‘Special Economic Zones’ are a global phenomenon due to their role as economic growth drivers and for being foreign direct investment facilitators.
In the UAE, free zones operate under special decrees. They offer advantages like efficient infrastructure, 100 per cent ownership, repatriation of profits and capital, and tax exemptions. The cherry on top is the zero per cent corporate tax.
That said, the corporate tax exemption is conditional - and so it is crucial to understand the dos and don’ts.
Concessions to ‘qualified free zone persons’
The ‘qualified free zone persons’ include branches operated by non-residents in free zones, who meet conditions such as:
- Maintain adequate substance.
- Derive qualifying income.
- Have elected for 0 per cent tax rate.
- Adhere to transfer pricing regulations for transactions with related parties.
- Prepare and maintain audited financial statements.
- Further, such qualified free zone persons’ non-qualifying revenue should not exceed the de minimis threshold, which is lower than 5 per cent of total revenue or Dh5 million.
Qualifying income of a QFZP is taxable at 0 per cent, whereas non-qualifying income (including income from excluded activities) within the de minimus limit is taxable at 9 per cent.
Interestingly, any income from domestic Permanent Establishment (PE) - a place of business or other forms of presence of a QFZP outside a free zone - and income from immovable property in certain cases is taxable at 9 per cent separately.
Both income streams are not considered in the de minimis calculation. The basic exemption threshold of Dh375,000 does not apply to the taxable income of QFZPs.
Where the de minimis threshold is breached, a QFZP loses its tax holiday status for five tax periods, including the year of failure. It would be liable to 9 per cent corporate tax like a regular taxpayer.
While the UAE Cabinet decision has clarified most aspects relating to tax holiday provisions of free zones, some issues need to be addressed for greater certainty.
1. Exclusions from QFZPs
Freelancers and individuals working under licenses issued by a free zone authority (FZA) are not covered in QFZP. It is unclear whether ‘natural persons’ refers only to individuals or also includes sole proprietors. Support service providers in the free zone - such as hotels, malls, and training or education companies - may be affected as they interact with individuals.
The coverage of extended boundary areas of free zones without a decree law may not be included in the qualified free zone. The respective free zone authority may provide guidance on whether a specific area or company within the Free Zone is covered for corporate tax benefit.
2. Issues around the distribution model
Initially, it was not clear whether the condition ‘in or from designated zones’ in qualifying activity should apply to the location of the distributor or the location of the goods. Further, whether a 0 per cent rate would apply or not in the case of bill-to-ship-to models - where goods do not physically move in and out of the free zone - was causing some concern.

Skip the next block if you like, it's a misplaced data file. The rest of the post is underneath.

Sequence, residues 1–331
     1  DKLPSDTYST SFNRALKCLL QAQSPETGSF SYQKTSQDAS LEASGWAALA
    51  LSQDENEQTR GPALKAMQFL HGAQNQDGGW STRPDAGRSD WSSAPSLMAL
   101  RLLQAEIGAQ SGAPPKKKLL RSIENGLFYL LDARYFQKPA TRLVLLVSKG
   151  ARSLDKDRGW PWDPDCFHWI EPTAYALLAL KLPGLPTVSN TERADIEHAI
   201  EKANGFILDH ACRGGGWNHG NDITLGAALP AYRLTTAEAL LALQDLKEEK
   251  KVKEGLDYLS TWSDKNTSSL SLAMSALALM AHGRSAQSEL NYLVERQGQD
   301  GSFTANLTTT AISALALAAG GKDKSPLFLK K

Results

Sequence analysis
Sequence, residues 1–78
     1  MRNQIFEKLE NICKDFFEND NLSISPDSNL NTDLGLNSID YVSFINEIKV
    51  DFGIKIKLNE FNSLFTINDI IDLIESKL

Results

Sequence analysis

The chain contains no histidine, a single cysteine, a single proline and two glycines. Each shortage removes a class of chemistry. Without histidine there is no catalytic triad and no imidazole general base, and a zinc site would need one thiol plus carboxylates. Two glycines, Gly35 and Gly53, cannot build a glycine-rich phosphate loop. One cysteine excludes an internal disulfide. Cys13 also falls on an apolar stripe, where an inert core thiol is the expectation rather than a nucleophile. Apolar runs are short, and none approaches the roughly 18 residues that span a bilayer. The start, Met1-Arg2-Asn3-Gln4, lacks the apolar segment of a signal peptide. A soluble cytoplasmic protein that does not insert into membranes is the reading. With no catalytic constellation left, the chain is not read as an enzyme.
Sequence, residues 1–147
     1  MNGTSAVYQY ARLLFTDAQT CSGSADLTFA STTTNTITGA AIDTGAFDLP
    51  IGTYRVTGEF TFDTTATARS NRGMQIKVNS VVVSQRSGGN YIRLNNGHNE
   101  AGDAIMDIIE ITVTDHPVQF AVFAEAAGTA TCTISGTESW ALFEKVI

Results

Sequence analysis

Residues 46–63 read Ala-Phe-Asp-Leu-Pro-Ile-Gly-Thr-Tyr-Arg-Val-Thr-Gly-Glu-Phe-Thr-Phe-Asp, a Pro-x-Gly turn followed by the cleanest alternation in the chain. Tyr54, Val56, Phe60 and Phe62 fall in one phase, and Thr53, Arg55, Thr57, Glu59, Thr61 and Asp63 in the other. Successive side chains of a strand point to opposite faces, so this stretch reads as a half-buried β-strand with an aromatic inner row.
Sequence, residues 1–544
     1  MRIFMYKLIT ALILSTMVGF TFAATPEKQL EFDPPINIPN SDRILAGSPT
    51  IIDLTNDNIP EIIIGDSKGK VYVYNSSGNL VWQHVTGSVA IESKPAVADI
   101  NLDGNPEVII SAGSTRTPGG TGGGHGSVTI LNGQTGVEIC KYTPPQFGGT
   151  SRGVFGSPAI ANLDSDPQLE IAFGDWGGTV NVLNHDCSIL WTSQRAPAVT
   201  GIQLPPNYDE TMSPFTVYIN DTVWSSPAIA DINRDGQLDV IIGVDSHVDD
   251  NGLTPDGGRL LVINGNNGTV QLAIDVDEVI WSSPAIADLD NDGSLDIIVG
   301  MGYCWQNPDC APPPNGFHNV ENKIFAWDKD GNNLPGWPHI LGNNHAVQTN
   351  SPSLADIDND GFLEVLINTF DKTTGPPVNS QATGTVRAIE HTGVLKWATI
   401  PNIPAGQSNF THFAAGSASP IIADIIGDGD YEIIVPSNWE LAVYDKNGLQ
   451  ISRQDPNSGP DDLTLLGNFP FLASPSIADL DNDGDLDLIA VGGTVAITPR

Recently in a public awareness session by the ministry, it was clarified that QFZPs involved in distribution activity (where the title of goods is transferred) will be considered as being ‘in and from’ designated zone, even if goods are not physically moved.
Thus the same shall be considered as qualifying activity and income will be eligible for a 0 per cent tax rate.
However, the qualifying activity of distribution does not specify the source of goods procurement. It is unclear whether goods sold in or from the designated zone can be sourced from a mainland supplier.
And, the trading activity from designated zones covers only sales to wholesalers or retailers, not to end consumers.
3. Headquarters services- what exactly is covered?
It needs to be clarified as to what services would be considered a qualified activity under headquarter services. Taking guidance from the relevant activities of headquarters under Economic Substance Regulations (ESR), it is possible that services like consulting, advisory, advertisement, architecture, event management, and IT may not be covered in qualifying activities under headquarter services.
4. Permanent establishment risk
The permanent establishment risk needs to be assessed for entities with employees working from outside free zones, agents, and directors negotiating and concluding contracts outside free zones.
Activities may be outsourced in a free zone but with appropriate supervision for economic substance requirements. Election of the option to forgo the tax benefit of 0 per cent should be exercised carefully.
Where a QFZP opts for 0 per cent tax rate, the same cannot be a part of a tax group. In considering transactions with other free zone persons, the recipient must be the beneficial owner of those goods/services. (That is, the recipient should have the right to use and enjoy and not merely pass on these goods/services to another party.)
To mitigate any uncertainty for a tax payer, obtaining additional clarifications from the Federal Tax Authority (FTA) is crucial. To fully leverage the tax advantages, it is necessary to assess the overall business activities of QFZPs.
It should be noted that apart from corporate tax benefits, free zones also offer concessions in terms of VAT, customs, and excise taxes. Each relevant law has its own distinct set of conditions.
Therefore, conducting a comprehensive compliance check encompassing all tax laws, free zone decree bylaws, and ESR is of utmost importance.
As per the OECD Pillar 2 proposals, some multinational enterprises operating in UAE free zones could also be liable to a higher rate of corporate tax. This legislation is awaited for further analysis.